When a mysterious light suddenly engulfs Earth, humanity is left petrified, frozen in stone. Thousands of years later, the world is teeming with vegetation, and forests have taken the places of cities that once stood proudly. One of the very first to emerge from their stone prison is Taiju Ooki, who finds that his good friend, a brilliant young scientist named Senkuu, has been preparing for his awakening. While Taiju wishes to save the girl he loves, Senkuu is determined to figure out the cause behind the strange phenomenon and restore the world to its former glory.
But when they free the infamously powerful Tsukasa Shishiou in order to gain an upper hand against the dangers in an unfamiliar world, they realize that their new comrade has other plans. Tsukasa sees their predicament as a chance to start over; free from the corruption and destruction wrought by technology, he will stop at nothing to achieve his goals. With both sides unable to see eye to eye, Senkuu and his devotion to science will clash with Tsukasa and his primal nature in what will truly be a battle of the ages.
As a part of the JUMP START initiative, the first three chapters of Dr. Stone were published in English in VIZ Media's digital Weekly Shonen Jump on the same day as the Japanese release. After, the series was added to VIZ Media's Weekly Shonen Jump lineup. The same publisher has licensed the series for print release.
The protagonists will have to restore mankind from the beginning, both in terms of people, and in technology. It is easy to understand and very fun to read, it also has the mystery behind the petrification, which ends up making the story even more interesting.
One of the strongest points, even in comedies the art is good, Featured to the double pages, because they are absurdly beautiful.
At the moment, the characters are not very charismatic, the only ones that caught my attention were Senkuu (who makes the story to progress) and Tsukasa with opposing ideals and is the villain of the history.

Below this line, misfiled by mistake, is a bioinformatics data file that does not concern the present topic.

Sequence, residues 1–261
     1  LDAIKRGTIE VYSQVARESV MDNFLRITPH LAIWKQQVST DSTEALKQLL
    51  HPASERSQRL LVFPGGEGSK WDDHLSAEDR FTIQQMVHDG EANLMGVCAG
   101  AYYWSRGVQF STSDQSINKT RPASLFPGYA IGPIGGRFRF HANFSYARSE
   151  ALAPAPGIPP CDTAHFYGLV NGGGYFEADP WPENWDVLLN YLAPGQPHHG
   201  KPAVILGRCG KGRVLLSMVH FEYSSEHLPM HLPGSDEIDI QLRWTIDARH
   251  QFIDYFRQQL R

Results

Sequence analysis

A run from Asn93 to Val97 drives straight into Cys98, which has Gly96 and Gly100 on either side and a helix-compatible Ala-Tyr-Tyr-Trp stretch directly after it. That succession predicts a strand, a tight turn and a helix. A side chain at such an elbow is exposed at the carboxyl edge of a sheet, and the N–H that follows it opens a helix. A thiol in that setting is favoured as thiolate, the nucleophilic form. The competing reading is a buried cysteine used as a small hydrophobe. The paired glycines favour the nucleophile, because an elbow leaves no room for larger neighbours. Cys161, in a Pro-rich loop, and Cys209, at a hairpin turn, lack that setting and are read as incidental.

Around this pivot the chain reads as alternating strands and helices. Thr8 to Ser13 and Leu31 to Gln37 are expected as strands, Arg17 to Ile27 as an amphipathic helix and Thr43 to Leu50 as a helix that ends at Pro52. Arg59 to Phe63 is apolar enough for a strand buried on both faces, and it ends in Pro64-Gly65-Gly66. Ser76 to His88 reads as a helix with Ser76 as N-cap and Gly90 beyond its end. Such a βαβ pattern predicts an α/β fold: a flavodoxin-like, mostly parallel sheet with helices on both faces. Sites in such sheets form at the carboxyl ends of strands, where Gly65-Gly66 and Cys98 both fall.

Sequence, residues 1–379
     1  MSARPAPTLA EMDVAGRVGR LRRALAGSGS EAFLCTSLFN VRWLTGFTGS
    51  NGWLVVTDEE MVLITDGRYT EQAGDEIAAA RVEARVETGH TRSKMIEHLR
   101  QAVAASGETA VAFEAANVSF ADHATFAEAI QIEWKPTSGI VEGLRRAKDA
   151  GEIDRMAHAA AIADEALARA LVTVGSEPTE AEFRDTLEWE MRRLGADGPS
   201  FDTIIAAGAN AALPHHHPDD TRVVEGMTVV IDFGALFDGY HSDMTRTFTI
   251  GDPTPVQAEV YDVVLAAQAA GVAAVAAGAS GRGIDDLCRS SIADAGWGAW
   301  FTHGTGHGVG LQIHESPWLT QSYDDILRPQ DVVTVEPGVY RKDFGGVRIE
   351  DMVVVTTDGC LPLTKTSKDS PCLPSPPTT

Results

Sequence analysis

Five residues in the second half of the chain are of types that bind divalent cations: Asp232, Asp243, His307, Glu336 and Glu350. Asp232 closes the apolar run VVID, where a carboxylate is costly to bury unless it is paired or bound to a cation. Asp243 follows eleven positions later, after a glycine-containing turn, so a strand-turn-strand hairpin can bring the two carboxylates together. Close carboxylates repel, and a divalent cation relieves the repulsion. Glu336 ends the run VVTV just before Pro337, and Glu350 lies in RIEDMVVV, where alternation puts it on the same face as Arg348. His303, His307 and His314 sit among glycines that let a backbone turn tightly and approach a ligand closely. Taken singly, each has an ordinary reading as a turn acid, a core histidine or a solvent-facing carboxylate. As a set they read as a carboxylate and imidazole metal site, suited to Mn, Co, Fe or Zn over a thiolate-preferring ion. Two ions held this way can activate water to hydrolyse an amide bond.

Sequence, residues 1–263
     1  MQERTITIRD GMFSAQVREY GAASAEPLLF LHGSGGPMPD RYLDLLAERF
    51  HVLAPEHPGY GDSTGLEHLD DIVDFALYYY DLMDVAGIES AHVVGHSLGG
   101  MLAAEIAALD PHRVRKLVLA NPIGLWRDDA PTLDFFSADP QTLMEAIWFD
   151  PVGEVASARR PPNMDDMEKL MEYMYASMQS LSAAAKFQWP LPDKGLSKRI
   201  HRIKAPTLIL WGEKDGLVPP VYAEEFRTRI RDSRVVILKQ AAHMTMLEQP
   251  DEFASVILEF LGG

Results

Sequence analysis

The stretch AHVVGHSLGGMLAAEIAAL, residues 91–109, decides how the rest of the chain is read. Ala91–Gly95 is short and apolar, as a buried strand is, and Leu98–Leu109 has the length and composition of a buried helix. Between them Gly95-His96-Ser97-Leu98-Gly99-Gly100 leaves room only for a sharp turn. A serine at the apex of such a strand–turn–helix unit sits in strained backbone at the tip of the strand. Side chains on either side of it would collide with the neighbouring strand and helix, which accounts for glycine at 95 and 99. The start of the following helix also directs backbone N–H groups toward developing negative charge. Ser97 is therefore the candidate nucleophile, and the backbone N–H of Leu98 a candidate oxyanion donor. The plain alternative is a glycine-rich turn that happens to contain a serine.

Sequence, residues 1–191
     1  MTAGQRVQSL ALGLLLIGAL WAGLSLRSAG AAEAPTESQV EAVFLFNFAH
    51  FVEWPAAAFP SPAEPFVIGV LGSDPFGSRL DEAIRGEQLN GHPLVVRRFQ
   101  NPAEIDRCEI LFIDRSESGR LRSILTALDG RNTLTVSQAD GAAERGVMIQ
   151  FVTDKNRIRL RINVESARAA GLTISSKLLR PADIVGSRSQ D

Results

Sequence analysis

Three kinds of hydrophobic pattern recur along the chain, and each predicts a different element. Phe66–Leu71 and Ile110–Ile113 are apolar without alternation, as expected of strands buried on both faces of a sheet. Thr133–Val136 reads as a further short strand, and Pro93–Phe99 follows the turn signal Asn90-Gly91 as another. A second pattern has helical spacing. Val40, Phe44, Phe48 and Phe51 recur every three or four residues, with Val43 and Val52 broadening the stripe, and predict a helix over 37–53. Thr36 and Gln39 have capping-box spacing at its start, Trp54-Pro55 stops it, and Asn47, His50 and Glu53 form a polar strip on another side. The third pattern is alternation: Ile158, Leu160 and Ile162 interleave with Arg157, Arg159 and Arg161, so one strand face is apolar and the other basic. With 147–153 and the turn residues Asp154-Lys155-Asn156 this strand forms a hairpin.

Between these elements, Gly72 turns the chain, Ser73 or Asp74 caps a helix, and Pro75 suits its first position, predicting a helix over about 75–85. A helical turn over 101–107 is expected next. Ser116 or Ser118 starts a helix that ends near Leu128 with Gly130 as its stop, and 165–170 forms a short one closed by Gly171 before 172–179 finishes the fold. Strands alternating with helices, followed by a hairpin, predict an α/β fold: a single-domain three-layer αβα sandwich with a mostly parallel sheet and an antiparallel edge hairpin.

I love reading this each week. It is richly imaginative and a comedic story with Sci-Fi that does not disappoint.
It's a really good story to read that improves with each chapter, also quite fun and has a mystery that is shown at the beginning that leaves us curious to find out what is behind it. If I mention a weakness in the work, I would say that they are the characters, but I believe that it improves throughout the work.
This review will contain spoilers up to the marked chapter.
A modern-day take on the ancient battle of Athens and Sparta with new twists and turns. What happens when one day all of humanity is petrified by an unknown light and humanity must rebuild? Enter your cast of The Brain, the Brawn, the Girl and the Enemy. Dr. Stone starts off strong with an engaging premise that has a ton of potential something that I wish was explored more often in anime and manga - the rebuilding of human society after a mass tragedy. Most of the time we see the after-product without seeing the process
that was used, the mistakes that were made and the things that were learned. Dr. Stone shows us all of this but that's about one of its only strengths.
I don't believe a lot of what Dr. Stone goes out to accomplish is done well. Our protagonist, Senkuu is a prodigy of the sciences, so much so that he built his own rocket that exited Earth's atmosphere before the tragedy happened. Prodigies are totally acceptable but knowing this creates an aura around Senkuu that just seems like he can find himself through anything. Specifically, in the tournament arc where one of the gags is that the heroes want to rig the tournament in a specific way, of course, they have to rely on chance for it to work out. Luck is against them in every shape and form and the worst matchup happens first. But the story can't just throw out it's most important character of the arc right away right? Of course, so through sheer luck, he wins. While this bit was executed well, it solidified that the aura around Senkuu was strong and I had predicted by this point he would succeed in the tournament and I was correct. I'm a believer in that you need a certain level of predictability in your work so the consumer can understand it, even if it only makes sense in hindsight. However, this isn't the only time Dr. Stone is so obvious. Upon its reveal of antagonist Tsukasa early in the story - his appearance is just so genuinely evil that there's no reason for you to question his allegiances from the moment he's introduced. You just know he's not gonna be allied with the heroes from the minute you see the guy.